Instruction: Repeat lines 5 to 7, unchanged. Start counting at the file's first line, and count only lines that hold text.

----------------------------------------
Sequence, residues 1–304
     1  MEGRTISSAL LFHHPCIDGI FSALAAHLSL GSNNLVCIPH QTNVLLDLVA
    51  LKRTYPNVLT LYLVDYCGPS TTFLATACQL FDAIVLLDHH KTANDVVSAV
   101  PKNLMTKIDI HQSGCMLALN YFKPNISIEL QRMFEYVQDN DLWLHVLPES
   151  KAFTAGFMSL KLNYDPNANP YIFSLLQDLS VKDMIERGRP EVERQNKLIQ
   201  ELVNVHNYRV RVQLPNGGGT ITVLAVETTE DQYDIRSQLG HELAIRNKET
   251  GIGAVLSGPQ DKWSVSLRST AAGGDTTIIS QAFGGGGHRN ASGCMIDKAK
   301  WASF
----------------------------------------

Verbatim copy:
   151  KAFTAGFMSL KLNYDPNANP YIFSLLQDLS VKDMIERGRP EVERQNKLIQ
   201  ELVNVHNYRV RVQLPNGGGT ITVLAVETTE DQYDIRSQLG HELAIRNKET
   251  GIGAVLSGPQ DKWSVSLRST AAGGDTTIIS QAFGGGGHRN ASGCMIDKAK